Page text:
Flat Polydactyl Cat, 2016

The animals you recreate as plushies are instantly recognizable. What are some of the techniques you use to simplify the characteristics and uniqueness of a real-life animal into a flat plushie yet retain their trademark appearance? My plush designs are minimal, so I try to capture the cutest thing about the animal. I usually know what I want the plush to look like in my mind, so I start with making the plush pattern. I don’t draw the character out on paper first because looking at sketches can restrict or distract me sometimes. Some things on a sketch won’t translate to plush patterns very well. It’s harder to simplify an animal into Flattie style than one would think. I’m still learning with each new character.

Shark Fin Plush Pillow, 2015

Do you have to study a lot of images of the animal to decide on the best materials to use for that plushie? Yes, but looking at cute animal pictures all day isn’t so bad. Sometimes it is hard to find fabric in the color or texture that I need. While most of your plushies use cloth or felt, some parts of them have a smooth texture. Is this vinyl fabric? Something tells me you don’t use leather! Yes, it is vinyl. I only use animal-friendly materials. Flatties help animals, not hurt them. I use soft fleece and vegan vinyl, a.k.a. pleather.

Flat Bunny, circa 2011

Your custom pet plushies are very affordable. Do you get a lot of orders for these? It must be fun to see all of these pets and then get a reaction out of the customer. Yes, custom Flatties are very popular. I try to keep all my plushies as affordable as possible. I want many people to enjoy them. Custom Flatties are a little more expensive than my regular ones, but I spend a lot of time on each one. I love seeing photos of their adventures. Many people get very creative when taking photos of their Flatties. I also love when someone sends me an email letting me know

Flat Shark (Gold Tooth Edition), 2015 Clutter 41 NYCC | 39

Flat Honoo with Leecifer, 2015

their Flattie arrived safely and how they are doing. Like the Flatties are alive! You’ve created plushies based on animals that aren’t exactly household names such as the quokka and the capybara. What other offbeat animals do you love or would you like to create plushies of? May I suggest the aye-aye?

Who else would you like to collaborate with? There are a couple of collaborations in progress right now. This year I have also been working on something with Coarse. I enjoy collaborating with artists that I admire; I am grateful that they trust me with their characters. I would like to do another project with Gary Baseman sometime soon. What’s next for Flat Bonnie?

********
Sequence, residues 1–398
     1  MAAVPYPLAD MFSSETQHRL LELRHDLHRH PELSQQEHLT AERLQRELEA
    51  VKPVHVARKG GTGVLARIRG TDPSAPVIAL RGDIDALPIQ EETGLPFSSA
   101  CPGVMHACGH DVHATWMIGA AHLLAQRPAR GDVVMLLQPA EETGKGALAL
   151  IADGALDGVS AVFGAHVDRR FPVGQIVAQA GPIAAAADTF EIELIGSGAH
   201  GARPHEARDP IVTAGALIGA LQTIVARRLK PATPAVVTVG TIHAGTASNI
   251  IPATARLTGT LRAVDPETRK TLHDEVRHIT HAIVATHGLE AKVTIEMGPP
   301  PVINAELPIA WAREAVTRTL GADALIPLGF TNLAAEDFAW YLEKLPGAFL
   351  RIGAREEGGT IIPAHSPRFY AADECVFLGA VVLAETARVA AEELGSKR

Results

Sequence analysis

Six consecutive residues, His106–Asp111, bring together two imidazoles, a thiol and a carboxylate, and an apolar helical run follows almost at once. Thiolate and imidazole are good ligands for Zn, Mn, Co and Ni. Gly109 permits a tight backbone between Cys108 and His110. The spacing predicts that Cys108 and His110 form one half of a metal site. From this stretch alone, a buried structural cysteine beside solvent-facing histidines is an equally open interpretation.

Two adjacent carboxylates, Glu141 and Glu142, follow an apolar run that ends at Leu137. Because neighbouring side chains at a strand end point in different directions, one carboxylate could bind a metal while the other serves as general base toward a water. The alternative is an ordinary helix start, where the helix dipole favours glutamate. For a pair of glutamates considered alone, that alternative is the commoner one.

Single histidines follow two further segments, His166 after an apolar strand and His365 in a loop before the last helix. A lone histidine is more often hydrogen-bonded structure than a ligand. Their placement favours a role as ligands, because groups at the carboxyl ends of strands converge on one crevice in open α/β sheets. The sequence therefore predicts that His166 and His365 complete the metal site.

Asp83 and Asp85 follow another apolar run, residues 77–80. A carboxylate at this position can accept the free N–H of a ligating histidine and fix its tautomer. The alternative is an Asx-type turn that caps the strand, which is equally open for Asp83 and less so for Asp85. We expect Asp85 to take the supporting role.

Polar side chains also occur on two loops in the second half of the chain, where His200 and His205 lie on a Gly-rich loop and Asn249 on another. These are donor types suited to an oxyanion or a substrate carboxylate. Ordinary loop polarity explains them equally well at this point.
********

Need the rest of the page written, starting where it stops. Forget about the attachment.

Aye-aye! They are super cute and creepy. I love them! They are on my to-do list, so someday… One of my favorite offbeat Flatties is the wombat and his square poop friend. Maybe I will make a pangolin and manatee sometime soon.

My favorite con, DesignerCon, is coming up. There will be a few exciting collaborations and exclusive Flatties released then. There may be an exclusive Flattie for NYCC as well. I am also working on new characters, products, and a story book for the near future. And of course… bunny world domination!

Do you have one particular plushie that is extra important to you? My piggy plush that I have had since I was two years old is very important to me. Also, the first Flat Bonnie plush prototype that I made. I still have many plushies from my childhood, and they are all special to me. You’ve collaborated with Leecifer, Scott Tolleson, and Gary Ham, among others. What’s it like to turn a vinyl toy into a plush toy? What are some crucial details you need to look out for? I love vinyl toys and have collected many over the years. It is fun and challenging to make plush versions of vinyl toys. Each artist has their own unique style, so I study all their toys and try to capture that in the plush while keeping my minimalist Flattie style. 40 | Clutter 41 NYCC

Flat Cactus, 2014

For more information about Flat Bonnie, please visit:

Gardener Figures by Michal Lau